COP26 blahblah –
The fossil fuel industry has the largest delegation above all countries at the summit.
As we enter the second week of COP26, and ‘adaptation, loss and damage day’ takes place, the legitimacy of the summit is being questioned by society. Loss and damage day is supposedly about protecting the people and the habitats from the worst effects of climate change. The irony is that in order to do so, they need to tackle the emissions of the richest, because they’re hugely responsible for the climate crisis, yet it’s the poorest that are paying the highest price. In fact, the carbon footprint of the world’s richest 1% is on track to be 30 times higher than what’s needed to limit global warming to 1.5ºC, a study says. Following that statistic, you’d assume that the world’s richest leaders are doing all they can to create an inclusive balance of voices at COP26, across all nations, however that’s far from the case.
Observers of COP26 act as informal referees, to ensure proceedings of the summit are transparent, clear and reflect the concerns of communities and groups most likely to be affected by the decisions and promises made. However, their ability to observe over the last week has been highly obstructed by COVID restrictions and maximum capacities that have subsequently been set. For example, one tweet suggested that the biggest negotiating room at COP26 has space for 144 people. There are 197 Parties to the UNFCCC. The observers represent hundreds of indigenous, environmental, academic, climate justice and women’s rights organisations, and excluding them from negotiations for one reason or another, just creates further injustice.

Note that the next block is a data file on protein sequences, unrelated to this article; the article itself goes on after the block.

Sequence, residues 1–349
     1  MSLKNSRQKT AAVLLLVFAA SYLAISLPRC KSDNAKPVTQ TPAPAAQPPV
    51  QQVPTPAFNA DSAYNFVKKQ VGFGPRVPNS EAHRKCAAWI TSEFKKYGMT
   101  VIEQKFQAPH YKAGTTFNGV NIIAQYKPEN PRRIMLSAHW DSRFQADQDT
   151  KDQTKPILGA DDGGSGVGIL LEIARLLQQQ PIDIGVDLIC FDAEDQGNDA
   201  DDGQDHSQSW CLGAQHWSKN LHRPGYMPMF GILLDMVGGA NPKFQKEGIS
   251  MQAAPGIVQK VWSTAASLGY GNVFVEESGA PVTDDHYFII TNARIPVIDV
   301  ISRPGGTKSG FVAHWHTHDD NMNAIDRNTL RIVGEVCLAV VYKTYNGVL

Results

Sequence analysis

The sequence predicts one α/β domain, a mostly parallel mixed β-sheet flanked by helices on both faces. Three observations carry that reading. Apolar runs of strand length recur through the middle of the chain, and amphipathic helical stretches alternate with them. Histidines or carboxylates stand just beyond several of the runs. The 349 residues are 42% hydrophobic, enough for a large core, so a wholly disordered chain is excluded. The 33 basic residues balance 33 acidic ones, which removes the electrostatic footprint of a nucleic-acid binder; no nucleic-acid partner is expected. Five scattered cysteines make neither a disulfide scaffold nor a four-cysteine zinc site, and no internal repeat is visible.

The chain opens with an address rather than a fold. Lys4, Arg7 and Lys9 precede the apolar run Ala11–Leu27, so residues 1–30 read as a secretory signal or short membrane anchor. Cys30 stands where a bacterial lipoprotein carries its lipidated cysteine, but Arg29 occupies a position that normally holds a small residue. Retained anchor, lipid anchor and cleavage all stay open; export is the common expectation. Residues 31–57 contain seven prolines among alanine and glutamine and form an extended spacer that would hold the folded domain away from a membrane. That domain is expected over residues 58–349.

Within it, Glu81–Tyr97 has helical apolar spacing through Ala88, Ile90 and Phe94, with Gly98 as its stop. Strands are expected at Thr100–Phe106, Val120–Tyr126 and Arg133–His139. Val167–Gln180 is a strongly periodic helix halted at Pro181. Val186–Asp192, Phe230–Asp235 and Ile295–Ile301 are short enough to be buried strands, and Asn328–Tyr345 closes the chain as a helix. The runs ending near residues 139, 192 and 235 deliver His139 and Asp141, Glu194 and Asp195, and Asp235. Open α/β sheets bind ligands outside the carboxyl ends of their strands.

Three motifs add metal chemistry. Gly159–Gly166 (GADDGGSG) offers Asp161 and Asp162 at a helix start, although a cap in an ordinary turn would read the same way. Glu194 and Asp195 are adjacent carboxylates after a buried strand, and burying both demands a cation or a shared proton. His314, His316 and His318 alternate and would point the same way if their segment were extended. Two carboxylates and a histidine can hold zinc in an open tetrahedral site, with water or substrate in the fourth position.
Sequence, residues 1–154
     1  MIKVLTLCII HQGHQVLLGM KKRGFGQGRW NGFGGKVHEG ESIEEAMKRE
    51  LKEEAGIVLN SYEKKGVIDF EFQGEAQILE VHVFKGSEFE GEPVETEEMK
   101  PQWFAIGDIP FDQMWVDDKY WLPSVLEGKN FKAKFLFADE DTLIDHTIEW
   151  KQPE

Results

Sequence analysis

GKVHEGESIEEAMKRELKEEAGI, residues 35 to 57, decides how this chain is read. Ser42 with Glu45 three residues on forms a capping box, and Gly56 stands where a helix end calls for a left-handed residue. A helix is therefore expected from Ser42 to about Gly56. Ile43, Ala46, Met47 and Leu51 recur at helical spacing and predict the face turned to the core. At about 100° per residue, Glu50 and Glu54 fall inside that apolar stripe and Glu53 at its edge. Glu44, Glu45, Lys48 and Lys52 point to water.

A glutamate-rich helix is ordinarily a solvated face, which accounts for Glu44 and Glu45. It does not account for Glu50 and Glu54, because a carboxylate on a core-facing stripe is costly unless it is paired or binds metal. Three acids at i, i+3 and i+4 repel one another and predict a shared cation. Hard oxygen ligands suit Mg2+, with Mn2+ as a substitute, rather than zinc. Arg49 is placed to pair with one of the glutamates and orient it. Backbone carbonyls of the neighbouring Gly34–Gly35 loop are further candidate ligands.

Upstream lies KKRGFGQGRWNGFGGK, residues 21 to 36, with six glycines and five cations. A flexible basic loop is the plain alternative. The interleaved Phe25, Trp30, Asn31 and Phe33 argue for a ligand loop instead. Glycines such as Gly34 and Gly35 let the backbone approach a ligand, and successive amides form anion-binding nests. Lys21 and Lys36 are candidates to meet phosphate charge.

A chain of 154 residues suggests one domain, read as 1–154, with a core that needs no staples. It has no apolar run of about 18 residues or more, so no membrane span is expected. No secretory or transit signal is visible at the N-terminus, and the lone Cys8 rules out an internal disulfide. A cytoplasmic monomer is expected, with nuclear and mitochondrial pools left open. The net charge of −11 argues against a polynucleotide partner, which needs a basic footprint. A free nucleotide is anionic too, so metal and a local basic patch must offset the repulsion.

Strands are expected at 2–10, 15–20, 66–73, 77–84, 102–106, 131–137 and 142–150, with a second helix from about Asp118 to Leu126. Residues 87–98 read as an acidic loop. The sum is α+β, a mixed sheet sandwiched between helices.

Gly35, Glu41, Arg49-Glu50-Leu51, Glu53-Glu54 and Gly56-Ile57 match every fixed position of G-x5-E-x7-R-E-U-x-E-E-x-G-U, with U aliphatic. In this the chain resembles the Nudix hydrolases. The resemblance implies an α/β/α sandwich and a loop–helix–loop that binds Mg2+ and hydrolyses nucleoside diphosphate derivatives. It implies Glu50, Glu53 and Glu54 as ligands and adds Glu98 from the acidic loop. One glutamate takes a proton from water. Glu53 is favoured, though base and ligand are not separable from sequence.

So, who is attending COP26 negotiations then?
The fossil fuel industry has the largest delegation at COP26. Global Witness assessed the participant list published by the UN and found that “503 people with links to fossil fuel interests, had been accredited for the climate summit.” Campaigners and many others, believe that their attendance should be banned, let alone be the largest presence at the conference, and a priority over indigenous groups and less developed countries delegates. “The fossil fuel industry has spent decades denying and delaying real action on the climate crisis, which is why this is such a huge problem,” says Murray Worthy from Global Witness.
The fossil fuel industry would argue that their delegates are there to discuss the transition towards cleaner energy, which they admit will not be completely shut off overnight. However, campaign groups argue that people will not get serious about cutting carbon emissions, until anyone with an association to the industry is banned from events such as this.
Under the Paris Agreement, all countries agreed to address the “loss and damage associated with climate change impacts”. Since then, many rich countries and responsible industries have strongly resisted providing specific finance for this, as they do not want to accept liability for the damage made and subsequently risk being sued by climate vulnerable nations. Campaigners have estimated vulnerable nations need at least $300bn to respond to loss and damage in 2030 and it is up to the richest nations and industries that caused that damage to step up and pay back.
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